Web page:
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Leslie Bonacum
Neil Allen

What Are The Real Implications Of The Supreme Court Ruling On Age Discrimination?

CCH Offers Analysis of What It Means to State Employers and Employees

(RIVERWOODS, ILL., January 14, 2000) – The recent Supreme Court ruling on age discrimination suits by state employees is expected to have a significant impact well beyond the age bias issue, according to CCH INCORPORATED (CCH), a leading provider of employment law and human resources information and software.

"The battle being waged here deals with state vs. federal rights; it’s just being played out in the context of employment law," said Joy Waltemath, an attorney and employment law analyst for CCH. "At this point, it’s apparent that this Supreme Court is recognizing the specific rights of the states and sending Congress a message not to overstep its bounds."

Case Review

The Supreme Court case, Kimel v. Florida Board of Regents, was brought by current and former employees of Florida State University and Florida International University who sued the Florida Board of Regents. The employees contended that the universities’ failure to fund salary increases resulted in disparities in pay that were based unlawfully on age bias.

In its ruling on the case, the Supreme Court said state employees who are subjected to age bias can’t use the Age Discrimination in Employment Act of 1967 (ADEA) – a federal law – to sue their employers in federal court.

Taking a Closer Look

According to CCH, two key issues were presented to the Court. The first was whether the federal age discrimination law clearly showed congressional intent to override states’ sovereign immunity from federal lawsuits, a right given to states under the 11th Amendment.

The Court found that changes to the ADEA in 1974 clearly were intended to permit an individual to bring a civil action against any employer, including a public agency, in federal or state court.

But the Court's inquiry couldn't end there because of the Court's 1996 decision in Seminole Tribe of Fla. v. Florida, which held that Congress' powers under Article 1 do not include the power to subject states to suit at the hands of private individuals. Congress has that power under the 14th Amendment, but only to protect constitutionally guaranteed rights.

Ultimately, the Court found Congress does not have the same authority under the 14th Amendment to protect employees against age discrimination as it does when the discrimination is based on race, national origin or religion, which the Court deemed "suspect classifications," warranting higher levels of scrutiny.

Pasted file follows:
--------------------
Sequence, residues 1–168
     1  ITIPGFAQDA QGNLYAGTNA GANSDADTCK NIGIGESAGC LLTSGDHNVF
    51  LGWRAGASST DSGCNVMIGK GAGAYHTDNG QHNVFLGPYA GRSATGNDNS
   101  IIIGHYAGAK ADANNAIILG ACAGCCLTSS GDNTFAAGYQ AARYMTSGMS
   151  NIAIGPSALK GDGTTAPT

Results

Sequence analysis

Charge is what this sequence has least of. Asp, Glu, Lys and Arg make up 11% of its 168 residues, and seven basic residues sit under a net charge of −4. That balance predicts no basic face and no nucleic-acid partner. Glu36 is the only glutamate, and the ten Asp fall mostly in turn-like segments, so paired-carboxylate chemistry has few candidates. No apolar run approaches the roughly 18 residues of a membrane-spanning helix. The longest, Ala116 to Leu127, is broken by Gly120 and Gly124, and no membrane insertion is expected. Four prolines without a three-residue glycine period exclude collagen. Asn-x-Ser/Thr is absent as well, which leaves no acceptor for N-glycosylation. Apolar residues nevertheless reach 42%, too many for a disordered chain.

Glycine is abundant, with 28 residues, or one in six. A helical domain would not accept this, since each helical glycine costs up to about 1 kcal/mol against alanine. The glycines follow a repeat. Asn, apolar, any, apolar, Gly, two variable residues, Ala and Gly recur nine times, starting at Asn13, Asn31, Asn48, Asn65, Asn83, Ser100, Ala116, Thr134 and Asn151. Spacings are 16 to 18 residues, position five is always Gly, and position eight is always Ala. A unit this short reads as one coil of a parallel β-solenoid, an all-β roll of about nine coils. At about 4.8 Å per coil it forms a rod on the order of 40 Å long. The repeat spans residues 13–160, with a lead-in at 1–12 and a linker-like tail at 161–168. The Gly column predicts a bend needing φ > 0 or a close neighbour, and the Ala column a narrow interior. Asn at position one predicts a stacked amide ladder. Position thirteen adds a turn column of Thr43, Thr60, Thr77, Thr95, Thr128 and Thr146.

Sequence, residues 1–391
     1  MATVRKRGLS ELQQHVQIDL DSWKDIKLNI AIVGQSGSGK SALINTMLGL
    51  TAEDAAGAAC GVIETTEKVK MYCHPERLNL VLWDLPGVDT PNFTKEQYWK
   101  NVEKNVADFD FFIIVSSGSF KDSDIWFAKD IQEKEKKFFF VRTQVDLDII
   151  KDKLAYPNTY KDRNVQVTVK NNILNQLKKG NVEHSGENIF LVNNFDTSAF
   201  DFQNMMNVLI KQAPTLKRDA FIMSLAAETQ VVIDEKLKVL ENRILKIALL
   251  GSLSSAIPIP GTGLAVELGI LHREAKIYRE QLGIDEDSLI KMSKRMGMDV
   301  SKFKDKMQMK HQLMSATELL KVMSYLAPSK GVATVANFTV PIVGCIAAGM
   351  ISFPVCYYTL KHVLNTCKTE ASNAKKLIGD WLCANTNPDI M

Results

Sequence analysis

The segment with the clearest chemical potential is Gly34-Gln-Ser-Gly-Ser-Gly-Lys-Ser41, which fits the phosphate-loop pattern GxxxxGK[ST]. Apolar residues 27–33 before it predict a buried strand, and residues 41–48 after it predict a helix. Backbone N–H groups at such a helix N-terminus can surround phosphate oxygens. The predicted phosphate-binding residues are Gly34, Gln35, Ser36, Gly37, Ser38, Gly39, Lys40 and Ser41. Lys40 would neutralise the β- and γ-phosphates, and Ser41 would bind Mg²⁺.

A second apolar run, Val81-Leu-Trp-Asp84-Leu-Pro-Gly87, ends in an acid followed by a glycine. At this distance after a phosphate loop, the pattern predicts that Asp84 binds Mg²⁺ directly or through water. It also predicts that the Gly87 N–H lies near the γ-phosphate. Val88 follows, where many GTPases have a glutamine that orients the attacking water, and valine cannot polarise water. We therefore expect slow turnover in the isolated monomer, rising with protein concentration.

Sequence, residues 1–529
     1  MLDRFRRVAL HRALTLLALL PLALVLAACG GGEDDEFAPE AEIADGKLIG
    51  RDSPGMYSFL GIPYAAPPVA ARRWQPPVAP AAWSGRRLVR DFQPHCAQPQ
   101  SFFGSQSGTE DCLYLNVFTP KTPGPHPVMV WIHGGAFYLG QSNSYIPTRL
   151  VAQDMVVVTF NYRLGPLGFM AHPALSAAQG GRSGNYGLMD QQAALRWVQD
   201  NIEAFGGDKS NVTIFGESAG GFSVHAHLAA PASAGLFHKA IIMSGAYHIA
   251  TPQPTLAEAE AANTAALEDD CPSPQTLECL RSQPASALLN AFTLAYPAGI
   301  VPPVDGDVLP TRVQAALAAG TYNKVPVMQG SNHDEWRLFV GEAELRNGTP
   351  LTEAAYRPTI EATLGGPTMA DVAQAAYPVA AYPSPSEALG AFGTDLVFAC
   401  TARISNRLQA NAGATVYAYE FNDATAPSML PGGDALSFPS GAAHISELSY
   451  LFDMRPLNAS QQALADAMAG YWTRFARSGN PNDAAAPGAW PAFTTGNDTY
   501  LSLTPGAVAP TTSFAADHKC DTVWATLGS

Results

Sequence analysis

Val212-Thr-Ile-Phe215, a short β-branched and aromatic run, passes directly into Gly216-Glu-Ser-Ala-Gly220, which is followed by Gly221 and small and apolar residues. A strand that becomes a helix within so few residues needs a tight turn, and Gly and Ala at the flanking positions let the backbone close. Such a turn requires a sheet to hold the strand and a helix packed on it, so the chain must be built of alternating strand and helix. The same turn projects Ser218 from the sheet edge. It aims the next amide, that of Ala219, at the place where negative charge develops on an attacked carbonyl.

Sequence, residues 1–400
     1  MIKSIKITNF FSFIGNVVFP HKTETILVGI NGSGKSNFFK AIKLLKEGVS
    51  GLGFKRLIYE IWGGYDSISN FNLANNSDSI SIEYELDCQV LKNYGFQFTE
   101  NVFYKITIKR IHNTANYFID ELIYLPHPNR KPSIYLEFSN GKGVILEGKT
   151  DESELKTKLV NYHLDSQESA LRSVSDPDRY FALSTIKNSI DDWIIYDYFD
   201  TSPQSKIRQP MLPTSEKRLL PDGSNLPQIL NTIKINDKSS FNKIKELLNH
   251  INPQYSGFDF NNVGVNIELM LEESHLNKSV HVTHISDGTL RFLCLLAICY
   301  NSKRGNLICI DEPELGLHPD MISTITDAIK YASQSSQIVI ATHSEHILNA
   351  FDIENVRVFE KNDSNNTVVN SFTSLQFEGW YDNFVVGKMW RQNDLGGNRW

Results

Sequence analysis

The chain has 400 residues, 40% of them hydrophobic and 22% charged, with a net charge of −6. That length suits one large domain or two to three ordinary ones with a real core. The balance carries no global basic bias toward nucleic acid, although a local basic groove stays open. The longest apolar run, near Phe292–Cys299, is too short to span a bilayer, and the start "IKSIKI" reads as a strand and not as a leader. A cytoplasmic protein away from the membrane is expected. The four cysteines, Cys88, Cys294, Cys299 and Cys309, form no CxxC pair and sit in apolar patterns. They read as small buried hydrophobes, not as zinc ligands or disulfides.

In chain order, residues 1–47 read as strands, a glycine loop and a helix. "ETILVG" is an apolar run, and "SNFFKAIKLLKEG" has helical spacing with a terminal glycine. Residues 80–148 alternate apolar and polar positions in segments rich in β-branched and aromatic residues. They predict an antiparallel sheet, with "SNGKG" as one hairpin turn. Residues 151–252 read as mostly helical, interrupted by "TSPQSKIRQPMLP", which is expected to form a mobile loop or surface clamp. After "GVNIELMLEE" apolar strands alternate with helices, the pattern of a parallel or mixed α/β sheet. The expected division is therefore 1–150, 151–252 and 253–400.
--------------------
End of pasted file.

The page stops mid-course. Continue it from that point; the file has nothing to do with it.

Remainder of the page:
"Essentially, the Court is making a distinction between two classifications: suspect classifications, such as race and religion, where any discrimination is intolerable; and non-suspect classifications, such as age, where there may be a legitimate cause for some type of decisions based on age," said Waltemath. "For example, some states have mandatory retirement laws for emergency personnel, based on the belief that age does affect the individual’s ability to do the job. In these instances, the Court is saying that federal law can’t supersede state’s rights to make these decisions, so long as there is a rational basis for the decision."

Specifically, said Justice O’Connor, writing for the majority, "States may discriminate on the basis of age without offending the 14th Amendment if the age classification in question is rationally related to a legitimate state interest."

Now What: Implications of the Ruling

Together with a Supreme Court ruling handed down last year, this ruling dealing with federal court suits now makes it impossible for state employees to sue their employers successfully under the ADEA. Last June, the Supreme Court held in Alden v. Maine that Congress does not have the power to subject non-consenting states to private damages suits in state courts.

"However, state employees are not left without recourse," said Waltemath. "Almost every state protects state employees from age discrimination through state laws that allow age bias victims to recover monetary damages."

In addition, although the decision didn't mention other federal employment laws, the Court's reasoning may apply to the Americans with Disabilities Act (ADA), since disability, like age discrimination, is not a suspect class in the eyes of the Court, according to CCH.

"From a practical perspective, the outcome of this decision will be to focus more attention on state legislative action and state courts as protectors of employee rights, so that state employees don't become ‘second-class citizens’ with respect to protection against employment discrimination," said Waltemath. "Those states that don't already have age discrimination or disability protections are likely to find their legislatures pressured to enact preventative measures."


CCH INCORPORATED, Riverwoods, Ill., is a leading provider of tax and business law information and software for human resources, accounting, legal, securities, health care, banking and small business professionals. The company’s Health and Human Resources Group is among the nation’s most noted authoritative sources of employment law, including information on benefits, compensation, worker safety and human resources management. CCH is a wholly owned subsidiary of Wolters Kluwer U.S. The CCH web site can be accessed at The CCH Human Resources Group web site can be accessed at

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